In a wide-ranging interview with Automotive News Publisher Jason Stein on Tuesday’s Daily Drive podcast, Scaringe for the first time addressed how Rivian will offer service for its vehicles without a traditional dealership network.
“We’re launching a large number of service centers throughout the U.S., really in the next nine months, 41 service centers. In addition to those service centers, we’re building a very robust network of mobile service [providers] that will come to you, your business or your home,” Scaringe said.
“What we deeply believe is that a significant majority of service operations necessary on a vehicle can be done remotely, can be done with our mobile service network, which from a customer’s point of view simplifies things dramatically. They no longer have to think about dropping their vehicles off. Service just happens, when customers are at their house or at their office,” Scaringe said. “We have not talked about it, but there is a massive amount of building that is happening behind the scenes within Rivian to set up the teams, infrastructure and the digital platforms, and of course all the physical assets to make that happen.”
Electric cars simply have fewer parts that need regular servicing than internal combustion engine cars, so the idea of mobile service providers is pretty realistic.
4th Gear: The Biden Administration Will Look A Lot Like The Obama Administration When It Comes To Cars
This isn’t so surprising; I very much welcome politics becoming boring again. Do you remember Barack Obama? Nice guy. Seems forever ago.
President-elect Joe Biden’s transition teams for the Environmental Protection Agency and Transportation Department will be run by several agency alumni who served under President Barack Obama and helped craft regulations like the Clean Power Plan and tougher fuel economy standards for vehicles.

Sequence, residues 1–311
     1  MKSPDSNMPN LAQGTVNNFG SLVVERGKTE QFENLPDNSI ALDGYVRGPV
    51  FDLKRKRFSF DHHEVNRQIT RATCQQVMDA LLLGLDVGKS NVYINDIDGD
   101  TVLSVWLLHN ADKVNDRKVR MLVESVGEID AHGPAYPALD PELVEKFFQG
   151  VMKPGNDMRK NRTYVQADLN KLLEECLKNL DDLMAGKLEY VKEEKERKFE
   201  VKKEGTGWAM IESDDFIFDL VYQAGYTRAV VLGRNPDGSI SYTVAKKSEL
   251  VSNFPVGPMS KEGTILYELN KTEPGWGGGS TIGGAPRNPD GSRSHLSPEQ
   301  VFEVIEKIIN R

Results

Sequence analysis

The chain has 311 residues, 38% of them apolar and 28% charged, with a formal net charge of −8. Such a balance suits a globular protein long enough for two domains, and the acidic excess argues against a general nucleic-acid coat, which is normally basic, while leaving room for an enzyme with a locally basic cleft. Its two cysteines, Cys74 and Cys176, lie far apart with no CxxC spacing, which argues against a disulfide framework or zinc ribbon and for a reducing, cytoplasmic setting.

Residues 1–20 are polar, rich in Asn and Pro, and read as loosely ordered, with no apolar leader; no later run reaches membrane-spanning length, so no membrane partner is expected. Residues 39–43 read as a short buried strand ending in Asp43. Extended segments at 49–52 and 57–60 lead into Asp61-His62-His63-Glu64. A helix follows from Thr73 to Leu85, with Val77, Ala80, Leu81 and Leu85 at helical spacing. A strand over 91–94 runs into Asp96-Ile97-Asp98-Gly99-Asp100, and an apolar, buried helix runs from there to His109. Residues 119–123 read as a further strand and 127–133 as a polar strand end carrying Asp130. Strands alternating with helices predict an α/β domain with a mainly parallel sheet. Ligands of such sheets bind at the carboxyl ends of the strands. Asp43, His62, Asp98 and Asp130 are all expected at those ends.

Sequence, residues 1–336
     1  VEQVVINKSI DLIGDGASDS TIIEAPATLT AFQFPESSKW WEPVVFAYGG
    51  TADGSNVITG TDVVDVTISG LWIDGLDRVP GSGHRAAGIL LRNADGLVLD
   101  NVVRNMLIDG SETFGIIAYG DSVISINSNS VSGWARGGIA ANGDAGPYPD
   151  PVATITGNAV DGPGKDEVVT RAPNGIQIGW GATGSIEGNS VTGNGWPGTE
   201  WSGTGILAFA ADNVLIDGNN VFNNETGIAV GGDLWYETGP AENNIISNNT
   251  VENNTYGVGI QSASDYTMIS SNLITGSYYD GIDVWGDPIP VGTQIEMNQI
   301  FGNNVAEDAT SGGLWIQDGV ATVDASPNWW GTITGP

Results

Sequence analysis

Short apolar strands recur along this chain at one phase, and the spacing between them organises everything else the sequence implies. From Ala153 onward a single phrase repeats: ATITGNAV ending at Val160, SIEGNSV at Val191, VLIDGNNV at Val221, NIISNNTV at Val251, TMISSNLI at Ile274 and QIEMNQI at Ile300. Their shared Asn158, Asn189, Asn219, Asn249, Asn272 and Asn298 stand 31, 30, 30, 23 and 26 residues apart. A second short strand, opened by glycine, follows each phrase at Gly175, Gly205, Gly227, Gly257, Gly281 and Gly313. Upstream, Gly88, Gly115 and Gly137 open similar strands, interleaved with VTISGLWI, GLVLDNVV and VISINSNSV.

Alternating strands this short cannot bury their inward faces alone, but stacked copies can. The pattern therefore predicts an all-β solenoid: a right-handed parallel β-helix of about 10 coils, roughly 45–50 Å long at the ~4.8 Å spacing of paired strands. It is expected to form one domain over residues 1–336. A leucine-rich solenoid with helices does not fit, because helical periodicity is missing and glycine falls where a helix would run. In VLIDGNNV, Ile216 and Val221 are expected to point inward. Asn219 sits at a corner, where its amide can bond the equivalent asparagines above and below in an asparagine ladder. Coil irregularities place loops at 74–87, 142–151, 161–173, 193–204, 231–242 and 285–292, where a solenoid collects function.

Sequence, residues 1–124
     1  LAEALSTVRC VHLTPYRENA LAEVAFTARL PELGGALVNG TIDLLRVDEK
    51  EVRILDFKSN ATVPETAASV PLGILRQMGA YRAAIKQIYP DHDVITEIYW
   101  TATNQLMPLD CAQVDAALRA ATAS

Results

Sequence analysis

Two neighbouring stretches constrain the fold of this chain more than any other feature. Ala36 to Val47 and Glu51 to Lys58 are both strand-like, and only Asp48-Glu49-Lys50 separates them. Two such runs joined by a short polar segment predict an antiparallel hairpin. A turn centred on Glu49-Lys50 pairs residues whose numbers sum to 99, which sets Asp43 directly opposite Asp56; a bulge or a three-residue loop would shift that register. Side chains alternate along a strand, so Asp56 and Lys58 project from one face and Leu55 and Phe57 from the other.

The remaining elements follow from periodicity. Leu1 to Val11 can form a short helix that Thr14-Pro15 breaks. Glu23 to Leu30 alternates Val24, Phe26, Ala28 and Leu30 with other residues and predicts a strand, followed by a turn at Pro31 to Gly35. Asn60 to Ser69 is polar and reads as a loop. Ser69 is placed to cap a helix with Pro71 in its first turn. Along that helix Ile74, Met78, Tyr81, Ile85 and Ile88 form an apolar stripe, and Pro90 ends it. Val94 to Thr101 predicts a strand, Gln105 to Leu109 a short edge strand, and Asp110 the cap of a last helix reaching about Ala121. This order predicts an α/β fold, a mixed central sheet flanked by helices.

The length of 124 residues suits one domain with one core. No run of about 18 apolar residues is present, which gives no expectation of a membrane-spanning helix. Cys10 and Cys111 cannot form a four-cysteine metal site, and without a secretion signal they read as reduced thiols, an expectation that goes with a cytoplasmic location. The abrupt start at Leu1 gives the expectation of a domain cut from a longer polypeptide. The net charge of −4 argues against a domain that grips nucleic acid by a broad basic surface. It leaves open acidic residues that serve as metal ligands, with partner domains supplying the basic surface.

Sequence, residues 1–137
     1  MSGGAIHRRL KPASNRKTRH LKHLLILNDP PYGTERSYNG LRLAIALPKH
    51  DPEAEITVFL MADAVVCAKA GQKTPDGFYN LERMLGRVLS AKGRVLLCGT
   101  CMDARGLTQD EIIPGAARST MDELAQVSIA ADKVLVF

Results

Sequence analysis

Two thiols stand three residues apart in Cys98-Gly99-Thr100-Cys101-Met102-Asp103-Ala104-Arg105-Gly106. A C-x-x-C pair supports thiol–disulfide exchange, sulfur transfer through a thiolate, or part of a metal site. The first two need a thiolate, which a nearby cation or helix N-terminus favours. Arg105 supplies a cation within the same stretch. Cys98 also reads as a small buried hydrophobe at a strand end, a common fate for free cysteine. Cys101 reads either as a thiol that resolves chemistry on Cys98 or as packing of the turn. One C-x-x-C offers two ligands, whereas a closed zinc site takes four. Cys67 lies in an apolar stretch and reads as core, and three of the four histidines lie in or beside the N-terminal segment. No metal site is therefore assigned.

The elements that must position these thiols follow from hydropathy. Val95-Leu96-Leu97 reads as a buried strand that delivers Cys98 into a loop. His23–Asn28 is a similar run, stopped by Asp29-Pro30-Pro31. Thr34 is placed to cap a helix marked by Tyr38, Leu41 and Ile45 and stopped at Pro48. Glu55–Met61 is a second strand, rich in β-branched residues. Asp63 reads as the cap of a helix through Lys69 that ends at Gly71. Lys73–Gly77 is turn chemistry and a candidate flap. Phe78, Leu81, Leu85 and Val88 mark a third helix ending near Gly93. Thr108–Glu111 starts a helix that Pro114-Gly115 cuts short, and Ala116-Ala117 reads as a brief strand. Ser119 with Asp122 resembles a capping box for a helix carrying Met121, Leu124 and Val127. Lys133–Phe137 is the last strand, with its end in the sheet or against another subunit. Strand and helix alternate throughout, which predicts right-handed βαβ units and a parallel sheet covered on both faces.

The head of the EPA team is Patrice Simms, an environmental attorney at Earthjustice, which has filed more than 100 lawsuits against President Donald Trump’s administration. He worked as deputy assistant attorney general in the Justice Department’s environment division.
Other Obama EPA lawyers have also been named, including Joe Goffman, general counsel at the agency under Obama EPA chief Gina McCarthy, and Cynthia Giles, who was assistant administrator in the EPA’s enforcement office.
The Trump administration rolled back Obama-era fuel economy standards and stripped California of the ability to set zero emission vehicle rules. Both actions remain under appeal.
Biden vows to “establish ambitious fuel economy standards” and to negotiate them with workers, environmentalists, automakers and states.
The German auto parts supplier/tire manufacturer said that it wasn’t expecting things to get better anytime soon. This is all because of “restructuring.”
Sales for the year are expected to come in at around 37.5 billion euros ($44.30 billion) and its adjusted earnings before interest and taxes margin is seen at around 3%.
In 2019, the German car-part supplier’s sales stood at EUR44.48 billion, while the adjusted EBIT margin was 7.4%.
It warned that additional restructuring costs and impairments will be booked in the last three months of the year, but it didn’t disclose their size. They will affect its reported EBIT and net profit significantly, it said.
I watched way too much of this show as a child.
I am awake and alive and slightly hungover and blogging and drinking coffee and well I guess that could be said of any day for the past few hundred. What a year it has been!